Coles announced 20 per cent stock losses from shoplifting (and food waste) as it revealed a $1.1b profit this year, while competitor Woolies estimated theft made up a quarter of stock loss when it revealed its $1.6b profit margin.

“With customers being more price-conscious from a current cost-of-living crisis, when giant supermarkets post annual super profits, it's hard for consumers not to be frustrated,” she said.

“Those that have a negative feeling towards supermarkets most likely do not feel as though the supermarket is being fair or loyal to them,” Garg said.

“This is the reason stores need to step in and make sure they get consumers back on their side.”

She suggested a campaign explaining how shoplifting impacts all consumers could help, while also calling for government intervention to “help address this situation”.

“The higher amount of shoplifting takes a hit on all consumers as the price of products are increased to account for the stock loss,” Garg said.

“Installing security measures is a temporary fix to a much larger problem.”

What do Coles and Woolworths say?

Yahoo Finance approached both Coles and Woolworths about their approaches.


“While most of our customers do the right thing, unfortunately a small number don’t.

“The safety of our team members and customers is our top priority, and we have a range of security measures in place to reduce theft from our stores, including security personnel and surveillance technologies such as CCTV. Some of our cameras, such as the ones that display a live feed of the customer on their self-service screen as they complete their shop, do not record or collect personal information. Any CCTV footage that is recorded, is done so in line with all relevant laws and Coles’ Privacy Policy.

“Like most businesses and public spaces, we use surveillance technologies in accordance with stringent privacy laws, and we have strict protocols in place around access to the footage. The privacy of our customers and team members is important to us, and we conduct regular monitoring to ensure we are meeting all of our obligations.”


“We have a number of initiatives that we use - both covert and overt - to help reduce retail crime, which currently mirrors a level that we experienced prior to the COVID-19 pandemic.

These initiatives include the use of camera technology at the checkouts, double welcome gates, CCTV and a trial of gates at the exit to our self-serve checkout area.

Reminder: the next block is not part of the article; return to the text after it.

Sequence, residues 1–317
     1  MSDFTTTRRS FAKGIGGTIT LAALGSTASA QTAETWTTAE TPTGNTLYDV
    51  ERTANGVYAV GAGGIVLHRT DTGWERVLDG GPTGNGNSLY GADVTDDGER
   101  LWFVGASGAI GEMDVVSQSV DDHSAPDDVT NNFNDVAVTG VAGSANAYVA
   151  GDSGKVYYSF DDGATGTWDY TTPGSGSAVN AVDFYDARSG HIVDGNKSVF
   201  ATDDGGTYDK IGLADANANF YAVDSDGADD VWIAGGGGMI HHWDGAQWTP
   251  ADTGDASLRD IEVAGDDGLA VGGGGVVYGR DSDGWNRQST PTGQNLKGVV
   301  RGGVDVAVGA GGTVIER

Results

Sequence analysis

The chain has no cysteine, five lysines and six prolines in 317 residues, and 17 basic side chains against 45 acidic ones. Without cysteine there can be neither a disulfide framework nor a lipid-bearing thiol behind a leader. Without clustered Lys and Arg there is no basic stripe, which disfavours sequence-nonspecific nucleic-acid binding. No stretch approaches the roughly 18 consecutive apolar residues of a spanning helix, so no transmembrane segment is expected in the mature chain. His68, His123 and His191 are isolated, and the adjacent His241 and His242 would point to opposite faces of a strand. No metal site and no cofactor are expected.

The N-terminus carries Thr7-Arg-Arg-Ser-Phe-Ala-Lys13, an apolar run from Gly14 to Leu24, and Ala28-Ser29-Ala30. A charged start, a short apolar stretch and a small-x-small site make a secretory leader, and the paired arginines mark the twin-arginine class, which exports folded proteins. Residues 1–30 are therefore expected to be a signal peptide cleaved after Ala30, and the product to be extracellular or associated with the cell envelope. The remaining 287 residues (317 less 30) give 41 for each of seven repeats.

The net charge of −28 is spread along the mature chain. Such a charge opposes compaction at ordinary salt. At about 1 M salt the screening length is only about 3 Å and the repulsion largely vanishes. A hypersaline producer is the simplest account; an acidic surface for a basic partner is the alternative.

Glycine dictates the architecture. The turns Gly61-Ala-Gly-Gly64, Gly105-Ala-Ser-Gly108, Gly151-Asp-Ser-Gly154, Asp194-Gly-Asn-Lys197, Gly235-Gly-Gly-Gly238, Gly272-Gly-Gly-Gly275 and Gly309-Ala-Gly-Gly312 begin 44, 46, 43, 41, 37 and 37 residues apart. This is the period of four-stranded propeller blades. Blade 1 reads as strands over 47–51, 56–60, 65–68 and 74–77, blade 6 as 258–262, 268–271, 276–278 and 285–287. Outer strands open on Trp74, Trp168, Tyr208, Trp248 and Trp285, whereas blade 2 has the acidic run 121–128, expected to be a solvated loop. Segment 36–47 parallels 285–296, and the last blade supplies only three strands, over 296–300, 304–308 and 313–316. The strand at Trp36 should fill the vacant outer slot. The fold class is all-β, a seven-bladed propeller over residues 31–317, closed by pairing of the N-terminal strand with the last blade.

“We also continue reviewing our health and safety controls to ensure we’re doing everything we can to keep our team and customers safe in our stores, and this remains our absolute priority. We use technology such as team-safety cameras and VR training modules to both support and prepare our team members for instances where they may feel unsafe.

“However, the majority of our customers do the right thing and treat our team with respect - and we thank them for doing so.”

But is security effective?

A shoplifter frustrated with the rising cost of groceries said having a camera being directed right at their face “doesn’t deter” them, noting supermarkets would be “swimming in profits” whether they stole or not.

However, ultimately, heightened security will make most shoppers “hyper-vigilant” about stealing.

“People don’t want to be in an embarrassing situation if they are caught,” Garg said.

However, it will also drive some “deviants” to do the complete opposite and steal more.

“This is a consequence of psychological reactance; it pushes people to do the opposite of what they are told,” Garg said.

Recent research from Monash Business School’s Australian Consumer and Retail Studies group found more than a quarter thought retail theft was either a little, somewhat, very or completely justifiable, with self-serve checkouts skewing toward being more acceptable.

How many Aussie shoppers considered illegal acts a little to completely justifiable:

  • Taking an item without paying - 28 per cent

  • Changing price tags on products - 30 per cent

  • Not scanning some items when using self-serve terminals - 32 per cent

  • Scanning items as cheaper items at self-serve checkouts - 37 per cent

The Australian Retail Association has claimed a “steady increase” in shoplifting is costing the industry more than $9 billion a year.